Spring 2022

Because we need nature, and now nature needs us
A tiger painted on a building in Thimphu, Butan.
Dear Friends of the Cornell Wildlife Health Center,

In recognition of the Year of the Tiger, I’d like to highlight a few stories about our work focused on ensuring a future for wild tigers for years to come. We've been working extensively with our international partners to better understand the most important health threats, including those posed by canine distemper virus (CDV), to critically endangered tigers across Asia. Here are some of the latest updates on our collaborative efforts:

  • The cause of a mysterious illness in an endangered wild tiger in Bhutan was uncovered— a tapeworm usually only found in people and pigs— highlighting the inextricable links between wildlife, domestic animal, and human health.
  • We've found that endangered wild Sumatran tigers have been previously exposed to CDV. This furthers our understanding of how this virus may threaten these critical top predators. Our actual scientific paper is here.
  • Dr. Martin Gilbert, our Wild Carnivore Health Specialist, and other big cat conservationists discuss the impacts of infectious diseases on wild tiger populations in this brand new podcast from WildCats Conservation Alliance, “WildCats Pawcast: Are We Making Tigers and Their Prey Sick?

Yours in One Health,


Steve Osofsky, DVM
Director, Cornell Wildlife Health Center
Jay Hyman Professor of Wildlife Health & Health Policy
Cornell University College of Veterinary Medicine
The New York Wildlife Health Program, a partnership between the Cornell Wildlife Health Lab and the New York State Department of Environmental Conservation, was renewed for 5 years! This key program helps protect the health of New York's diverse wildlife.
Cornell veterinary student Michelle Greenfield, DVM '23, has leveraged her lifelong passion for aquatic animals to produce Aquadocs – the only aquatics-focused veterinary podcast as well as a top 50 life sciences podcast on iTunes. Each show dives into a different facet of veterinary work in the marine and freshwater realms.
Cornell veterinary student Colleen Sorge, DVM '24, speaks with Cornell Wildlife Veterinarian Dr. Robin Radcliffe about his career path and his dedication to working with endangered species and training the next generation of One Health, community-focused conservationists.
The Cornell Wildlife Health Center continues to enhance synergy among many of Cornell’s wildlife-focused programs, expand student learning opportunities, and capitalize on earnest interdisciplinary approaches to addressing key wildlife conservation and related public health challenges.
Cornell’s Dr. Krysten Schuler and PhD student Jen Grauer discuss their latest project to track and study wild moose, led by the New York State Department of Environmental Conservation. Check out the press release here.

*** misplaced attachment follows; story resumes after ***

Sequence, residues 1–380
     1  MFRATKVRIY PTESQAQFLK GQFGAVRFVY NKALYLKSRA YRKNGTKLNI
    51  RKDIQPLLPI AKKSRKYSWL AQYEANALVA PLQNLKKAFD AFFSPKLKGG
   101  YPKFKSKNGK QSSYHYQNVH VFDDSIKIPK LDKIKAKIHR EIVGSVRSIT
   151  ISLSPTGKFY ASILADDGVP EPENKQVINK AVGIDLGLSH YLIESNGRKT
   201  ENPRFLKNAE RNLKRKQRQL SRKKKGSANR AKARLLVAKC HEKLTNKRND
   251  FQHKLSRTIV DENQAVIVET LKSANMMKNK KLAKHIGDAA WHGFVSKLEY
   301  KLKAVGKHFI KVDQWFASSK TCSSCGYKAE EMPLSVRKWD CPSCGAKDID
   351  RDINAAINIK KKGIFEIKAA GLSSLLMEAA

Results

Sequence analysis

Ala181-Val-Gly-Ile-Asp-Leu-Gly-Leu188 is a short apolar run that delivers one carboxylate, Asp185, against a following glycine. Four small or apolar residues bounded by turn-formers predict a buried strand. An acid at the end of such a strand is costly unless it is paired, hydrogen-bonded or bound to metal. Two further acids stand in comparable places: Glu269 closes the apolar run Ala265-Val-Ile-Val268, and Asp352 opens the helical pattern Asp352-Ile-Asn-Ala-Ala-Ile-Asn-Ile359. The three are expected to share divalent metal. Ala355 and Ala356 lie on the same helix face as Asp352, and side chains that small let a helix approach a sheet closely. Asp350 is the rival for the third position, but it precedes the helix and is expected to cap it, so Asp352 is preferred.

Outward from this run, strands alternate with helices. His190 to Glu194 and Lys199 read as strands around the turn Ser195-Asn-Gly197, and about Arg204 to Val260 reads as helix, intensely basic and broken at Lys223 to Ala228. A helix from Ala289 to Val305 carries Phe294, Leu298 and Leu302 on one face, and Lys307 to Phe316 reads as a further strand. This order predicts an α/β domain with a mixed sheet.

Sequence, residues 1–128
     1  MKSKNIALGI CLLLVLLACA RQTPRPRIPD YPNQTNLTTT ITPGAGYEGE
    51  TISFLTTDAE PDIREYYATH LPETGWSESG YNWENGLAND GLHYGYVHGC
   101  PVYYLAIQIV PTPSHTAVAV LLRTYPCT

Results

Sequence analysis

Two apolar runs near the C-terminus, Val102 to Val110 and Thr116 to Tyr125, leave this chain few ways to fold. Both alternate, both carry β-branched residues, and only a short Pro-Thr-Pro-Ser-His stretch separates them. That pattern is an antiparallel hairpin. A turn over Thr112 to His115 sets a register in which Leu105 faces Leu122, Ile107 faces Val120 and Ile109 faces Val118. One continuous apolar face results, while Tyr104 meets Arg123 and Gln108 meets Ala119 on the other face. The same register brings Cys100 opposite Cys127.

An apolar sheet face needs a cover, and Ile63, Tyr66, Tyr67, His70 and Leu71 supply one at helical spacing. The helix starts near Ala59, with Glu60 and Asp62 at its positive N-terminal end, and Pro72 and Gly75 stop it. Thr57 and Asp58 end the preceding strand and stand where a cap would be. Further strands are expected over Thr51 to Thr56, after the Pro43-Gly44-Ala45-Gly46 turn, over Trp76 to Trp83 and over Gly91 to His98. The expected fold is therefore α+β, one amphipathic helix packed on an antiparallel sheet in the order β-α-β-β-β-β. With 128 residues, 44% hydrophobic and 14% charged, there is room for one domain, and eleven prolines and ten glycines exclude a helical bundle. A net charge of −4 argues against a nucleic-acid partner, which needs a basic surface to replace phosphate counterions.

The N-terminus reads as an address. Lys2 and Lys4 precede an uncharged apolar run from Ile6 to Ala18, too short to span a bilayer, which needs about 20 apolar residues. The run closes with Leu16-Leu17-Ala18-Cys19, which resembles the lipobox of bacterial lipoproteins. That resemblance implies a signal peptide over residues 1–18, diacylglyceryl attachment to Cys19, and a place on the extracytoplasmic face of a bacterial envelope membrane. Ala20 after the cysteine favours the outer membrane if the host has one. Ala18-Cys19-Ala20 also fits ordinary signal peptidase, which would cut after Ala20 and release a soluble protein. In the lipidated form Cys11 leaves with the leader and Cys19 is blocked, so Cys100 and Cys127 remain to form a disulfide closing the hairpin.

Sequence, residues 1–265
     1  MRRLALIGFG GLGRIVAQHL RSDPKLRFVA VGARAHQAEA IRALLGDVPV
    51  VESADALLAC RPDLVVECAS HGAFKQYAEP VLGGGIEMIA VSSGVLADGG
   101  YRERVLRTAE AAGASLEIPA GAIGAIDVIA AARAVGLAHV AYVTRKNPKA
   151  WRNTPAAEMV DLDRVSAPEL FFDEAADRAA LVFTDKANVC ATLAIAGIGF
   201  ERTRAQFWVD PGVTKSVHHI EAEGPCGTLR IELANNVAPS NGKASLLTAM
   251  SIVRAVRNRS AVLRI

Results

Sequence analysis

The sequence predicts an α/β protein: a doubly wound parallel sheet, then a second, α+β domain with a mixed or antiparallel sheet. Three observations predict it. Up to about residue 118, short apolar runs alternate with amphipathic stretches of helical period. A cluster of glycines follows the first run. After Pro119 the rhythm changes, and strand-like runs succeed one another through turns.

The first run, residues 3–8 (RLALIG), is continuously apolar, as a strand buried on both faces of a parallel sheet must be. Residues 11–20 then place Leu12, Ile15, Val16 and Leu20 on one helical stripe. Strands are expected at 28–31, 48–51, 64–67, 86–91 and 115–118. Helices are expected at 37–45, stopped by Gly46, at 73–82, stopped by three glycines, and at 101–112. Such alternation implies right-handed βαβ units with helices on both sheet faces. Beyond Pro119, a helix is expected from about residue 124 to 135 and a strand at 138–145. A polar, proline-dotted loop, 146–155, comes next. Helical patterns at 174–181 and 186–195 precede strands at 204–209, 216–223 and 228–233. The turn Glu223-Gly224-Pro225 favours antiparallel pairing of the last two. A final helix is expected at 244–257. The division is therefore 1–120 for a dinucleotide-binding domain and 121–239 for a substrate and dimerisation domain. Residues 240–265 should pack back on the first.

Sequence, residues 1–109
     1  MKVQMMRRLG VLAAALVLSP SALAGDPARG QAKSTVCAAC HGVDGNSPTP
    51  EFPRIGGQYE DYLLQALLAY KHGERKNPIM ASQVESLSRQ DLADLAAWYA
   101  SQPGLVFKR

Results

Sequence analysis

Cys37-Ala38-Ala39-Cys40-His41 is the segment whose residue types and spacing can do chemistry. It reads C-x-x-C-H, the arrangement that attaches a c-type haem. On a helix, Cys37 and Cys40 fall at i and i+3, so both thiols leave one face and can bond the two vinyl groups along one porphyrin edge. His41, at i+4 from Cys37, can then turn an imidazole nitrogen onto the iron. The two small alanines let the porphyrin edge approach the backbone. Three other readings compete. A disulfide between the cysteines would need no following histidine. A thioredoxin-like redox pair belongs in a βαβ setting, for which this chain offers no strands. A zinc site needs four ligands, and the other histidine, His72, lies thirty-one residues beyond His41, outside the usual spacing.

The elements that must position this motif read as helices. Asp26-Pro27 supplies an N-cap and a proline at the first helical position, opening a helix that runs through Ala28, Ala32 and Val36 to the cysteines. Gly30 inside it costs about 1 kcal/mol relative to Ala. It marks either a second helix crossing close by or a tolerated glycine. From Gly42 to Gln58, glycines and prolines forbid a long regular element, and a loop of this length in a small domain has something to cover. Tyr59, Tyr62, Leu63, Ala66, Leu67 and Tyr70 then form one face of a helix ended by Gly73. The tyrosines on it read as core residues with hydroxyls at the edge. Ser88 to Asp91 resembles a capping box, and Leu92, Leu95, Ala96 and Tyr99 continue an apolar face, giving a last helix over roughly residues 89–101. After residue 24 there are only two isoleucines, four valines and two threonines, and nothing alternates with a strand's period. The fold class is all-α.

Spotlight on Bald Eagles
The bald eagle population has slowly recovered from the impact of the pesticide DDT that nearly drove them to extinction decades ago. But now researchers at the Cornell Wildlife Health Lab have found that lead poisoning from eating carcasses contaminated by lead ammunition continues to hamper the resilience of these American icons. Learn more by exploring these news stories, blogs, and scientific publications!

Cornell Giving Day is this Wednesday, March 16!
Join us in creating a healthier future for wildlife, people and planet.
Cornell Giving Day is an annual event that brings together friends, alumni, faculty, staff, and students to do the greatest good. This is your chance to help support a better world by donating on March 16, signing-up to be a Giving Day Champion and fundraising for wildlife, or spreading the word to friends and family! Let’s make this Cornell Giving Day the best one yet!
Did you know there are many other ways to give?
  • Make a gift of securities, including stocks, bonds, or mutual funds
  • Make a qualified charitable distribution from your IRA 
  • Name us as a beneficiary of your estate or trust
  • Donate through your donor-advised fund
  • Set-up a gift annuity

Please consider supporting the Cornell Wildlife Health Center by giving online or contacting Alison Smith at 607-254-6129 or ars1@cornell.edu. Naming opportunities can also be explored.
The Cornell Wildlife Health Center transforms science into impact through discovery, education, engagement, and policy to ensure a healthy future for wildlife and the environment that supports us all.

To learn more about the Cornell Wildlife Health Center, please contact Dr. Steve Osofsky at s.osofsky@cornell.edu or visit our website.

Let us know if you have any comments on this e-newsletter, and forward to a friend if you find it useful! Thank you for your support.
Cornell Wildlife Health Center | wildlife.cornell.edu | s.osofsky@cornell.edu